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Wheaton, IL property division attorneyMost marriages involve division of labor. One spouse may be in charge of grocery shopping and cooking while the other spouse handles homework, soccer practice, or other child-related matters. One spouse may handle lawn maintenance and home repair as the other focuses on laundry and indoor chores. While dividing responsibilities is common in a marriage, there is one way in which this division of labor can put a spouse in a very vulnerable position during a divorce. If you have not been involved in household financial decisions, it is important to start learning about your finances as soon as possible.

Being Ignorant of Your Financial Situation Can Lead to an Unfair Divorce Settlement

In an interview recently published in the Wall Street Journal Magazine, Kris Jenner admitted that she was embarrassingly uninformed about her own finances during her marriage to Robert Kardashian, Sr. She explains that she did not know how much she and her husband spent on household expenses and never once paid a bill. Jenner’s story is not uncommon. Many spouses leave the financial management to the other spouse. Unfortunately, ignorance is not bliss when it comes to finances and divorce, and if you do not fully understand your financial situation, this can put you at a disadvantage when negotiating a divorce settlement.

Start Gathering Financial Documents Now

If you are planning to get a divorce, it is important to know where you and your spouse stand financially. Property that is acquired by either spouse during a marriage is typically considered marital property. Both spouses have a right to an equitable share of marital property. Debts acquired by either spouse during the marriage are also jointly held by the spouses. 

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DuPage County property division lawyer for asset dissipationDivorce can make some people act in irrational or even malicious ways. One example of this is when a spouse purposely destroys the other spouse’s property. A resentful spouse may set fire to the other’s belongings, throw out important documents, or sell valuables for cash. If your spouse has destroyed your property or wasted assets during or immediately prior to your divorce, it is important to take steps to protect yourself and your property. It is also important to educate yourself about your legal options moving forward. You may be able to recoup the value of the destroyed property through a dissipation claim.

Get a Financial Restraining Order to Protect Your Assets During Divorce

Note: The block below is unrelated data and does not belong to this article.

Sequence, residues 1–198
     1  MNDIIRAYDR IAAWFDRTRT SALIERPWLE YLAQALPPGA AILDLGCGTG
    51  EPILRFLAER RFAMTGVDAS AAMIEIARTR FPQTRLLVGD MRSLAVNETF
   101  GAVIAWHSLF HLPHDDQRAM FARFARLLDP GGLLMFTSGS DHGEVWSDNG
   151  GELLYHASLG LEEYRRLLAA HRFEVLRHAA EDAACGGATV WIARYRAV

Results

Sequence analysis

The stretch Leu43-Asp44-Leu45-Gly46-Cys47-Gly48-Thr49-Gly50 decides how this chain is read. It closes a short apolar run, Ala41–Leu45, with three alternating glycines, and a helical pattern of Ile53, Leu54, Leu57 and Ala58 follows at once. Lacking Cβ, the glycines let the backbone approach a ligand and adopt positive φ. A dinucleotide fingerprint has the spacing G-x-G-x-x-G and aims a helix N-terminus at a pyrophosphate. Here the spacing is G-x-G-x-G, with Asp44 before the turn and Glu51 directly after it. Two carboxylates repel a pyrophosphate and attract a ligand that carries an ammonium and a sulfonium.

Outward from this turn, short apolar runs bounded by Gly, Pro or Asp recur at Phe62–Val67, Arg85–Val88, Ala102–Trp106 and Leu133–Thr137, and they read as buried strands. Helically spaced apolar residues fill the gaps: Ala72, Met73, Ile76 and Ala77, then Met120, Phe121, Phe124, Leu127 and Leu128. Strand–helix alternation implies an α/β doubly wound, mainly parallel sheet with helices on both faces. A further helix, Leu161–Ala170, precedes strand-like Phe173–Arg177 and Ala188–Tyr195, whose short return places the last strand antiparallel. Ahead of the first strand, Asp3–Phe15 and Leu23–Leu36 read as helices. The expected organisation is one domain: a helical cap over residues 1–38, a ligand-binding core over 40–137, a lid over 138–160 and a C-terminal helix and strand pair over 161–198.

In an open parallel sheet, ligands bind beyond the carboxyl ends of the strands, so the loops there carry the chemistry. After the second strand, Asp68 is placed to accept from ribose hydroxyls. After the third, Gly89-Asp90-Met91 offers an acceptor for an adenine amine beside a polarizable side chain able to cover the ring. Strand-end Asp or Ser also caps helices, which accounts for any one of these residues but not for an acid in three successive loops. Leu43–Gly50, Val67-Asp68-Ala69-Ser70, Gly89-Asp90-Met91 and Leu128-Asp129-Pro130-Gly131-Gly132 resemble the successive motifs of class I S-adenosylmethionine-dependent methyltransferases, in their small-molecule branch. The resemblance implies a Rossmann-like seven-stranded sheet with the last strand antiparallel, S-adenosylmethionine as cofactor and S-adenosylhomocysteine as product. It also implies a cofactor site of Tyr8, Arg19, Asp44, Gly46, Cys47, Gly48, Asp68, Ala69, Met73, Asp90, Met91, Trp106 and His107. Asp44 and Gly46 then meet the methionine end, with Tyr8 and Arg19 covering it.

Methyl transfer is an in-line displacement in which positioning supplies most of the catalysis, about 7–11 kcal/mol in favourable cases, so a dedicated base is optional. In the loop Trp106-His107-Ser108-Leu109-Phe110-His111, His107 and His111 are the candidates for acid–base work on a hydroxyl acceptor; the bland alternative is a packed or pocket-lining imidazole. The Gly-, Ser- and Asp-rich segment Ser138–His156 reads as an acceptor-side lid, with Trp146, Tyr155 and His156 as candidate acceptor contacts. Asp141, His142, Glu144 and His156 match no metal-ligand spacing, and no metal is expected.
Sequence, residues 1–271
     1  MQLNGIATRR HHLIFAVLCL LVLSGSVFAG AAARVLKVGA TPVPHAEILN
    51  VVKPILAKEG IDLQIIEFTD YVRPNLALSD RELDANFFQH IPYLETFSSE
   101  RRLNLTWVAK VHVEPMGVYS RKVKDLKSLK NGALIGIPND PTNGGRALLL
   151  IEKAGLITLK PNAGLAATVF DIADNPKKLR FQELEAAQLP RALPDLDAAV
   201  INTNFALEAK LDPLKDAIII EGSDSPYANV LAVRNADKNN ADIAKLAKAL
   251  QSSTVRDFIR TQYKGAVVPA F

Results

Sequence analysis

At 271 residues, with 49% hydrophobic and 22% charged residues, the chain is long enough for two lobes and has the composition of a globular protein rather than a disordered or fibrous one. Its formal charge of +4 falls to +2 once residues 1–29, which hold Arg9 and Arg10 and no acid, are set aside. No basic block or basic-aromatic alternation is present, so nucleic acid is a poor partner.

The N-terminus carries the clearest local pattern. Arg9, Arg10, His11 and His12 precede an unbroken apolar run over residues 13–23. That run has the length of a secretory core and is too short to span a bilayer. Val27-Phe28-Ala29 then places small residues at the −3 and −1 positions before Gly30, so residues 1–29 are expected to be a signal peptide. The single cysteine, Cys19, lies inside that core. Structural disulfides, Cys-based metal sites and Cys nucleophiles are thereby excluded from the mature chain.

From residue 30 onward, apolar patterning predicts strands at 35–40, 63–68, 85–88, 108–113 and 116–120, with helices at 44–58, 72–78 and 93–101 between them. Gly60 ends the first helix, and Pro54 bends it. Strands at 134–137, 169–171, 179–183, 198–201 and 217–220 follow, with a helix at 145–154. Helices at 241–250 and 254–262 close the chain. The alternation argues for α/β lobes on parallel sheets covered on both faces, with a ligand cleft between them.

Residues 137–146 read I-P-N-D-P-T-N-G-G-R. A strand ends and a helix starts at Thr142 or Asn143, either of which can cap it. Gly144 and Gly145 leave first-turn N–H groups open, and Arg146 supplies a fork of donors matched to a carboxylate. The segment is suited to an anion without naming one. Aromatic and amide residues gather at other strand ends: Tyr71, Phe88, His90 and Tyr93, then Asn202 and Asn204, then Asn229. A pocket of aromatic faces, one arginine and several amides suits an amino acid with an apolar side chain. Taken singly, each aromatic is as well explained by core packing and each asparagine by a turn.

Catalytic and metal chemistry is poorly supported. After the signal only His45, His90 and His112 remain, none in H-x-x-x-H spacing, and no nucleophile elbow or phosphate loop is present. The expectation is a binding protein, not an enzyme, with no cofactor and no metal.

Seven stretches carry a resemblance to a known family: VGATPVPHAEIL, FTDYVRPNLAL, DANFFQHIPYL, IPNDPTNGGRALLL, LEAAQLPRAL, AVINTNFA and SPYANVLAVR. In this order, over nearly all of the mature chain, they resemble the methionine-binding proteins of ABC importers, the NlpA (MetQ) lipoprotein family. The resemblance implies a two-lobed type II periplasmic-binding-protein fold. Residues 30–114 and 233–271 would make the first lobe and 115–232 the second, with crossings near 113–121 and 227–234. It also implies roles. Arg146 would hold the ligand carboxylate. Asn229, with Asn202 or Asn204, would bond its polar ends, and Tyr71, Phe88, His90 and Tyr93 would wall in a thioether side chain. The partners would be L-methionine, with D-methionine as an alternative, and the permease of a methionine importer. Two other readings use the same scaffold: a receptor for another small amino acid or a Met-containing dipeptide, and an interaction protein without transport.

If your spouse is intent on seeking vengeance through selling your property, destroying your assets, or emptying joint bank accounts, you need to take immediate action to protect your finances. One option is to request a temporary financial restraining order. This is a court order that prevents both you and your spouse from making unusual financial transactions or significant purchases. A financial restraining order freezes joint accounts and protects marital assets. The order also prevents the spouses from spending, transferring, selling, or hiding funds or property.

A Dissipation Claim May Allow You to Recover the Value of Wasted Assets

If your spouse has already misused, wasted, or destroyed assets, you may still be able to reclaim the value of these assets. Per Illinois law, “dissipation of assets” occurs when a spouse wastes assets during the end of the marriage. More specifically, dissipation involves using assets in a way that only benefits one spouse while the marriage is experiencing an “irretrievable breakdown.” Case law has established that dissipation may involve wasting marital or non-marital assets. A marriage is considered to be in an irretrievable breakdown when the end of the marriage is inevitable, and the spouses have stopped trying to salvage the marriage. Through a successful dissipation claim, you may be awarded a proportionally greater share of the marital estate to compensate you for the wasted or destroyed assets.

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Wheaton, IL divorce attorney for division of professional practicesOne of the most significant parts of the divorce process is the division of marital assets and debts. Some divorcing couples are able to reach an agreement about property distribution through attorney-assisted negotiations. Others reach property distribution settlements through an alternative dispute resolution method like mediation or collaborative law. When a property distribution agreement cannot be reached, the case may go to trial. Complex assets such as investments, small businesses, and professional practices are often especially difficult to quantify and divide during divorce. If you are a doctor, accountant, or other professional, and you own your own practice, you should understand how the decisions about this practice may impact your divorce.

Determining the Identity of a Professional Practice